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Chau Le (Immigration Rules – de minimis principle)


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Chau Le (Immigration Rules – de minimis principle) [2016] UKUT 00186 (IAC)

The Appellant was a citizen of Vietnam, who made an application for further leave to remain under Tier 4 (General) Student visa, which was refused on 9th November 2014 by the Secretary of State for the Home Department. The main ground was on the basis of non-compliance with the maintenance requirements. As according to the Immigration Rules requirements, the Appellant was required to have at least £2,040 during the relevant of 28 consecutive days. However, the Appellant’s bank statements demonstrated a balance of £2,028.32. Due to which, the Appellant’s application for further leave to remain was refused. The Appellant’s appeal to the First-tier Tribunal was successful according to the principle of de “minimis” by giving the following explanation:

–          The shortfall was occurred in the Appellant’s bank account by £11.68 during the first 20 days of the 28-day period;

–          However, on the 21st day, the balance was reduced by £1.69;

–          On the 22nd till 28th days the balance was above the minimum required by £3.31;

Therefore, the Judge’s reasoning was that the non-compliance was so minimum, thus the Secretary of State should have considered as complied with the Immigration Rules. However, the Secretary of State appealed to the Upper-tier Tribunal stating the FtT judge erred in law.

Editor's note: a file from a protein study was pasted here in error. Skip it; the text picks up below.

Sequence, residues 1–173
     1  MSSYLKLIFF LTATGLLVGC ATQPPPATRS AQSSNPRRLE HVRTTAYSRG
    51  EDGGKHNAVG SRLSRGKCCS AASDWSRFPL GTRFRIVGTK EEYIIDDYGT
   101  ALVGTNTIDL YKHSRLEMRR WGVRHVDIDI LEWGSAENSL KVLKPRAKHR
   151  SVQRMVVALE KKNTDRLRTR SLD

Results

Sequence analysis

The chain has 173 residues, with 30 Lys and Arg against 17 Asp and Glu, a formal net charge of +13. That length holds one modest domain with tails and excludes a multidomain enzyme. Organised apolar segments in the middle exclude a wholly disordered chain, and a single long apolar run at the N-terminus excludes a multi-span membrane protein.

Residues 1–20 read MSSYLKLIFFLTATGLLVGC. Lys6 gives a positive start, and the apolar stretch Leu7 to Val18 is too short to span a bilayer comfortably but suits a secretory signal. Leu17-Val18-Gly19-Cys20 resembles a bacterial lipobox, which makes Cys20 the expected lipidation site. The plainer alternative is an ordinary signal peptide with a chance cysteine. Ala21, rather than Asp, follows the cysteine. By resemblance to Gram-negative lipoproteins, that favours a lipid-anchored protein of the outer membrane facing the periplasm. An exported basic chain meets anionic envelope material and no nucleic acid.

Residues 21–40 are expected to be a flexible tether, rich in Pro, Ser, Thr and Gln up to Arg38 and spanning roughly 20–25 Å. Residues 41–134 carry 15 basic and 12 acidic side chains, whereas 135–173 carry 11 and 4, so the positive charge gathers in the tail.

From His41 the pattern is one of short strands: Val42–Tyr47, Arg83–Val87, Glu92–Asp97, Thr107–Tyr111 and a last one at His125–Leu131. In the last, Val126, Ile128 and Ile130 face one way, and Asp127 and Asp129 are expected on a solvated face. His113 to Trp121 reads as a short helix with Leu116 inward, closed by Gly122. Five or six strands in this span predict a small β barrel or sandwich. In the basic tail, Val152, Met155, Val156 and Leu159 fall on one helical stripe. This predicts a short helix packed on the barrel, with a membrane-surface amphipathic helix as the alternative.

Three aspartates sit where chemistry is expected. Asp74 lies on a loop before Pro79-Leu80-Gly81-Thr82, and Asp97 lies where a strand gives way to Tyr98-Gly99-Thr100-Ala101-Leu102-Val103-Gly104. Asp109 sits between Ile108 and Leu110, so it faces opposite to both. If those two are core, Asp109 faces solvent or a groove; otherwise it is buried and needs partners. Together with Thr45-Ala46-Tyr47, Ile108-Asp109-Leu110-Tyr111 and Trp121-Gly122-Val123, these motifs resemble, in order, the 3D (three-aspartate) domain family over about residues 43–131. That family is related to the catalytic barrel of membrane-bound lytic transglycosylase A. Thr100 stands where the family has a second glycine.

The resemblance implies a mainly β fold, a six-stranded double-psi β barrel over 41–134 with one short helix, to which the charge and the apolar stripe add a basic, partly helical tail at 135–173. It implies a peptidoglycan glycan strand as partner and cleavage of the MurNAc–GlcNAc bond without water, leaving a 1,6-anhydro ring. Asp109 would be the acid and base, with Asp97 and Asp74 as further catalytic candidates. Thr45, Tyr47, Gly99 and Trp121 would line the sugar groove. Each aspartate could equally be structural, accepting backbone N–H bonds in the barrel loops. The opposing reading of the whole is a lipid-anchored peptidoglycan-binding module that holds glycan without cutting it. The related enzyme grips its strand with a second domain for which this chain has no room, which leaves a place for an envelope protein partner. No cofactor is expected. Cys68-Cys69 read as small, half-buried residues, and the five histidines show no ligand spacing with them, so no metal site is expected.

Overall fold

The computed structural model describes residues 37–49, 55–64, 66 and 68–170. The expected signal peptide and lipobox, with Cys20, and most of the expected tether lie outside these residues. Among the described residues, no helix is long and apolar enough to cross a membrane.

De Minimis Principle

The First-tier Tribunal made its decision based on the following:

–          Firstly, the Judge referred to R (Behary) v Secretary of State for the Home Department [2013] EWHC 3575 (Admin) where Tier 4 (General) was refused on the grounds that out of time, was received two days after the expiry of extant leave. Deputy Judge accepted this by applying de minimis principle. However, the Judge rejected this argument on the basis of two grounds: non-compliance with the Immigration Rules cannon be considered minimum and when non-compliance occurred legal certainty principle should be applied by carrying out “bright line”;

–          Secondly, in the case of MD (Jamaica) and GE (Jamaica) v SSHD [2010] EWCA Civ 213 the first Appellant was over stayer for two periods within 12 years, of some three weeks and four months’ duration respectively, where the second Appellant was over stayer for ten weeks due to having made a late application, which was eventually successful. However, Dyson LJ dismissed both appeals;

–          The final landmark case is Miah and Others v SSHD [2012] EWCA Civ 261, where the Appellant was eligible for Indefinite Leave to Remain as a work permit holder, however, during the qualifying period he had no extant work permit for 2 months. The Appellant argued that “near miss” must be forgiven.

However, Stanley Burton LJ stated that “near miss” is not the same as “de minimis” principle.

Therefore, in this case not complying with the five years’ lawful residence was not de minimis.

The judge dismissed the appeal as there is no near-miss principle applicable to the Immigration Rules.



The Mccloskey concluded that the FtT erred in law as the appellant did not comply with mandatory requirement of the Immigration Rules, which is considered rigid.

The principle de minimis does not apply in applications of the Immigration Rules. The principle is not used in a context where the question is whether a requirement of the Immigration Rules has been observed as both Immigration Rules and the Point Based System clearly states what requirements to be met or points to be obtained. Thus, de minimis is a mere substitute for sliding scale or near miss principles.


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